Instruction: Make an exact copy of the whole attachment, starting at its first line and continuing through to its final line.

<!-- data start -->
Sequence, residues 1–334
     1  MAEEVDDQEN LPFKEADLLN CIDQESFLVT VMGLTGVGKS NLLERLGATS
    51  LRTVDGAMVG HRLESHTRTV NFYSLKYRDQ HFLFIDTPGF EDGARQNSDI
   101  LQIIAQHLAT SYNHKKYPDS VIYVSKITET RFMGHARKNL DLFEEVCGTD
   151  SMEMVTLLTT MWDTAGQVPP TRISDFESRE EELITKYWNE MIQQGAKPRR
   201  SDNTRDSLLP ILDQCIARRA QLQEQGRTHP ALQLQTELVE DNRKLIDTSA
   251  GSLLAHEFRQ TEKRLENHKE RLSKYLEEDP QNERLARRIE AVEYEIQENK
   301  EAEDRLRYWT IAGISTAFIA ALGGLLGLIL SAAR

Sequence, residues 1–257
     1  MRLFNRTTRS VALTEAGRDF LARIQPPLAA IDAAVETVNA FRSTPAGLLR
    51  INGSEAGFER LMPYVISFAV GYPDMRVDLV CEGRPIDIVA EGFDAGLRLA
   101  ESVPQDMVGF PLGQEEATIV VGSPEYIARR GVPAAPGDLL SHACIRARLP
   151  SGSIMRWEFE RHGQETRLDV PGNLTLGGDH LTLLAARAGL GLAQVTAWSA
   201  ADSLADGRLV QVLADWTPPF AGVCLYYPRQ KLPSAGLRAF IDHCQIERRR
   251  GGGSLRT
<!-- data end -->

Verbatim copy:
Sequence, residues 1–334
     1  MAEEVDDQEN LPFKEADLLN CIDQESFLVT VMGLTGVGKS NLLERLGATS
    51  LRTVDGAMVG HRLESHTRTV NFYSLKYRDQ HFLFIDTPGF EDGARQNSDI
   101  LQIIAQHLAT SYNHKKYPDS VIYVSKITET RFMGHARKNL DLFEEVCGTD
   151  SMEMVTLLTT MWDTAGQVPP TRISDFESRE EELITKYWNE MIQQGAKPRR
   201  SDNTRDSLLP ILDQCIARRA QLQEQGRTHP ALQLQTELVE DNRKLIDTSA
   251  GSLLAHEFRQ TEKRLENHKE RLSKYLEEDP QNERLARRIE AVEYEIQENK
   301  EAEDRLRYWT IAGISTAFIA ALGGLLGLIL SAAR

Sequence, residues 1–257
     1  MRLFNRTTRS VALTEAGRDF LARIQPPLAA IDAAVETVNA FRSTPAGLLR
    51  INGSEAGFER LMPYVISFAV GYPDMRVDLV CEGRPIDIVA EGFDAGLRLA
   101  ESVPQDMVGF PLGQEEATIV VGSPEYIARR GVPAAPGDLL SHACIRARLP
   151  SGSIMRWEFE RHGQETRLDV PGNLTLGGDH LTLLAARAGL GLAQVTAWSA
   201  ADSLADGRLV QVLADWTPPF AGVCLYYPRQ KLPSAGLRAF IDHCQIERRR
   251  GGGSLRT